What do you write about the man who sells everything? Wife of Amazon founder Jeff Bezos gives one-star review to The Everything Store - a new biography of her husband

MacKenzie Bezos wasn't happy with the book's portrayal of her spouse

Los Angeles

The Everything Store, a new book about the history of Amazon, has earned acclaim for its portrait of the online retailer’s founder and CEO Jeff Bezos, whom author Brad Stone paints as a compelling mix of inspirational, confrontational and downright ruthless. But at least one critic remains unconvinced by Stone’s depiction: Mr Bezos’s wife, Mackenzie, who has posted a one-star review of the book on her husband’s website.

In a 900-word hatchet-job, Mrs Bezos complains that Mr Stone’s book contains “numerous factual inaccuracies”, “unbalanced reporting” and a bias against accounts from people with positive memories of working at Amazon. She claims even the book’s opening anecdote is inaccurate: Mr Stone writes that Mr Bezos read Kazuo Ishiguro’s Booker Prize-winning novel Remains of the Day shortly before starting Amazon; Mrs Bezos says he read it a year after the website launched.

“I have first-hand knowledge of many of the events,” she writes. “I was there when [Jeff] wrote the business plan, and I worked with him and many others represented in the converted garage, the basement warehouse closet, the barbecue-scented offices, the Christmas-rush distribution centres, and the door-desk filled conference rooms in the early years of Amazon’s history. Jeff and I have been married for 20 years.”

In a statement, Amazon spokesman Craig Berman backed Mrs Bezos’s review, saying the company had arranged for Mr Stone to interview several Amazon executives. “He had every opportunity to thoroughly fact-check and bring a more balanced viewpoint to his narrative,” Mr Berman said, “but he was very secretive about the book and simply chose not to.”

Mr Stone, a senior writer for Bloomberg Businessweek, responded to the criticism in a post on the publication’s website, saying he would address any minor factual inaccuracies, such as the Remains of the Day story. But he insisted the major revelations in the book were true, and denied any bias against Mr Bezos or his company. Instead, he said his account simply focused on the more dramatic moments in Amazon’s 19-year history. Mrs Bezos, he writes, “took me to task for what she perceived were subtle biases in my story.

“I’ll own up to that, though my slant is hardly political or personal… Writers are biased toward tension.”

Mr Stone says he spoke to more than 300 sources while researching the book, including current and former Amazon employees, at least two of whom have also written Amazon reviews. Jonathan Leblang, who is in charge of developing the firm’s Kindle tablet devices, recommended The Everything Store, awarding it four out of five stars, though he warned that of episodes of which he had personal knowledge, “about 80 per cent is correct and 20 per cent isn’t”.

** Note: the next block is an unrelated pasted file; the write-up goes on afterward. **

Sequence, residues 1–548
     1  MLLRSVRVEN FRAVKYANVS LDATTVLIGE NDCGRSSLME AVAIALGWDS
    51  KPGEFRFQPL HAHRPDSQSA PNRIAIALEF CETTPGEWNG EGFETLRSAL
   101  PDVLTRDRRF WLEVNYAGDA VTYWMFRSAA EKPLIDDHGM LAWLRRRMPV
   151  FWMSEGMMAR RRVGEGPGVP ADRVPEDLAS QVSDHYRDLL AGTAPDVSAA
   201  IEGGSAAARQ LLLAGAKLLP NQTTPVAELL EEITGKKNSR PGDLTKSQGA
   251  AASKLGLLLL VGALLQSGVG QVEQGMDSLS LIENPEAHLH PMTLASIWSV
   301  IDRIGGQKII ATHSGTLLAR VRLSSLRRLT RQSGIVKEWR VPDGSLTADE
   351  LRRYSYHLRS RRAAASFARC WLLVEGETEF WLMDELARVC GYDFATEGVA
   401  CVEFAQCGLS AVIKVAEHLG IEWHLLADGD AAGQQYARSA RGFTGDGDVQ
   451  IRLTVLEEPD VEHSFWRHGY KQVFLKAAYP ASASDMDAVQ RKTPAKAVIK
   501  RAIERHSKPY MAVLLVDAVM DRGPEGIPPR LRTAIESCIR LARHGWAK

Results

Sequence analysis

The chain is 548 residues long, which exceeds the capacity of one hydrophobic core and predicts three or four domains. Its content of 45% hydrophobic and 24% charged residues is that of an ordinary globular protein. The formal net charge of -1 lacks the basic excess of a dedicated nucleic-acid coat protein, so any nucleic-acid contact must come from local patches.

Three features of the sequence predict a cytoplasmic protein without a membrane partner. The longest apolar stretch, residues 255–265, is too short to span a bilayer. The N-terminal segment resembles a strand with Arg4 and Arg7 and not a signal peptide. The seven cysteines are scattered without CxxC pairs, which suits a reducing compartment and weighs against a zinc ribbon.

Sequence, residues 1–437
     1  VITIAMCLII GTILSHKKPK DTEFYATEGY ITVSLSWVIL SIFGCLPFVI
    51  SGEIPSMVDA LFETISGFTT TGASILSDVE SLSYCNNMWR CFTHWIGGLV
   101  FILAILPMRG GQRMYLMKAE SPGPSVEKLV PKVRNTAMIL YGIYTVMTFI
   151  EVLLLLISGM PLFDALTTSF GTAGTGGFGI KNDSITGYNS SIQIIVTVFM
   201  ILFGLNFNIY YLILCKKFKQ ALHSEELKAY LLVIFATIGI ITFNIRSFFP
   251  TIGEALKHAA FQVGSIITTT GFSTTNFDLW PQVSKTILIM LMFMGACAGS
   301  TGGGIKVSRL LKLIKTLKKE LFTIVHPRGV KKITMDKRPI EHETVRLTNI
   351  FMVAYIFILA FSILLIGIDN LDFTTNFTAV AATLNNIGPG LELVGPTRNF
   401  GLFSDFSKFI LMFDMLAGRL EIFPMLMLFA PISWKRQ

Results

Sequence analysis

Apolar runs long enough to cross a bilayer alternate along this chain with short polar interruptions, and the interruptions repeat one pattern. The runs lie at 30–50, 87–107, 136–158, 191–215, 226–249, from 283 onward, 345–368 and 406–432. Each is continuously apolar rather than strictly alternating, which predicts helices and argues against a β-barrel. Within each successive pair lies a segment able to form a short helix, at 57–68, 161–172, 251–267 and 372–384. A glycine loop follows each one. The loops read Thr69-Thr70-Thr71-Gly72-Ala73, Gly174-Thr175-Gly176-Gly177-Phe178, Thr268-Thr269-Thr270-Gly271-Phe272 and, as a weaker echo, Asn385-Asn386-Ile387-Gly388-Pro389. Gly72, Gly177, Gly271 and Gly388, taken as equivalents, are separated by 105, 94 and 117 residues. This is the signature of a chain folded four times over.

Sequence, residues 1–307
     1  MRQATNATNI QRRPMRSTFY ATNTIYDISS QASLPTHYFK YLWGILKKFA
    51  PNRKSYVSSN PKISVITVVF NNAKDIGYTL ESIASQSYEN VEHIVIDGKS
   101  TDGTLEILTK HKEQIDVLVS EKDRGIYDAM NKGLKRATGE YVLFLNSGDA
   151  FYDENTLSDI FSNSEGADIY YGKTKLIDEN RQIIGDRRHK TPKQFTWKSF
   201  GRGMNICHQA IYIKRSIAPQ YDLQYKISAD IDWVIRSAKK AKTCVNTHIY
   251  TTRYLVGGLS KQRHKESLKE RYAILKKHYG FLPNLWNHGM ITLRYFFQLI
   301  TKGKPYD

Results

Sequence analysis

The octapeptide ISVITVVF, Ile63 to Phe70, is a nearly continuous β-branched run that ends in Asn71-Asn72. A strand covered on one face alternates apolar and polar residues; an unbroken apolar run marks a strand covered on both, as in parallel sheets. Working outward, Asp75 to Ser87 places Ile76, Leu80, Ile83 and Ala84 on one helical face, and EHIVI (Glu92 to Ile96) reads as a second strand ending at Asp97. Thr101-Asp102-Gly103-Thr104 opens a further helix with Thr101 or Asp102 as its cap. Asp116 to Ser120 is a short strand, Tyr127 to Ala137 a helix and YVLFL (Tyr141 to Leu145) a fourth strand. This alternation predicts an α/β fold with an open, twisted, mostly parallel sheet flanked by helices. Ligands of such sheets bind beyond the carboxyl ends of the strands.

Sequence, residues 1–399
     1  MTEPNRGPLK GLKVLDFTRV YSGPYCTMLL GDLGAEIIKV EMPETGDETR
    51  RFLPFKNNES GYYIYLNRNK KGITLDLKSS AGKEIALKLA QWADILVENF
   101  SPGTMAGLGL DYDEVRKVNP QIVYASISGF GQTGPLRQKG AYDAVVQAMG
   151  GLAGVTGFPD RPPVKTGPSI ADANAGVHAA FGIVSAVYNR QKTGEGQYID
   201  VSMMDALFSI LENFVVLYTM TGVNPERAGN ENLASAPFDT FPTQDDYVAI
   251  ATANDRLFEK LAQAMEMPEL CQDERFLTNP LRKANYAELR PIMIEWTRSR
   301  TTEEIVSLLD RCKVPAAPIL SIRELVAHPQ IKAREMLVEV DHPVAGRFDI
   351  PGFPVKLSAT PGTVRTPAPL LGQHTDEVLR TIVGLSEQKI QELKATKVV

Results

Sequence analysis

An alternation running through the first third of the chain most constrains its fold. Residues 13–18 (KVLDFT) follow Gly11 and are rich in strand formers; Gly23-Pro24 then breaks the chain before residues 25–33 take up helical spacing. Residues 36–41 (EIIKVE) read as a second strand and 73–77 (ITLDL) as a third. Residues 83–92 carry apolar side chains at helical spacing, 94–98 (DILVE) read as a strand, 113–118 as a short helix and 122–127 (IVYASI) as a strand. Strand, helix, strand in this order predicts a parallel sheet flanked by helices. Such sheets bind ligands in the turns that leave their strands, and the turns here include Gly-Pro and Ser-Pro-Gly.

Rick Dalzell, Amazon’s chief information officer from 1997 to 2007, gave the book three stars, saying it was an “unbalanced” account. “Brad painted a one-dimensional picture of Jeff as a ruthless capitalist,” Mr Dalzell wrote. “He completely missed his warmth, his humour, and his empathy.”

Mrs Bezos noted that Mr Stone never interviewed her husband personally, though the author recounts in his book how he approached Mr Bezos, who declined an interview but reportedly encouraged colleagues, friends and family to cooperate.

Mr Bezos also asked Mr Stone how he intended to avoid the issue of “narrative fallacy”, a concept outlined in the bestselling business tome, The Black Swan, which is said to be required reading for all senior staff at Amazon. Taleb warns that humans employ narrative as a means of transforming “complex realities into soothing but oversimplified stories.”

The front cover of Brad Stone's book The front cover of Brad Stone's book

Arts and Entertainment
Chocolat author Joanne Harris has spoken about the financial struggles most authors face

books
Arts and Entertainment
A scene from How To Train Your Dragon 2

Review: Imaginative storytelling returns with vigour

film
Arts and Entertainment
Josh Hutcherson, Donald Sutherland and Jena Malone in Mockinjay: Part 1

film
Arts and Entertainment

film
Arts and Entertainment
Characters in the new series are based on real people, say its creators, unlike Arya and Clegane the Dog in ‘Game of Thrones’
tv
PROMOTED VIDEO
Have you tried new the Independent Digital Edition apps?
Arts and Entertainment
Unless films such as Guardians of the Galaxy, pictured, can buck the trend, this summer could be the first in 13 years that not a single Hollywood blockbuster takes $300m

tv
Arts and Entertainment
Miley Cyrus has her magic LSD brain stolen in this crazy video produced with The Flaming Lips

music
Arts and Entertainment
Gay icons: Sesame Street's Bert (right) and Ernie

tv
Arts and Entertainment
Singer Robin Thicke and actress Paula Patton

music
Arts and Entertainment
The new film will be shot in the same studios as the Harry Potter films

books
Arts and Entertainment
Duncan Bannatyne left school at 15 and was still penniless at 29

Bannatyne leaves Dragon's Den

TV
Arts and Entertainment
The French economist Thomas Piketty wrote that global inequality has worsened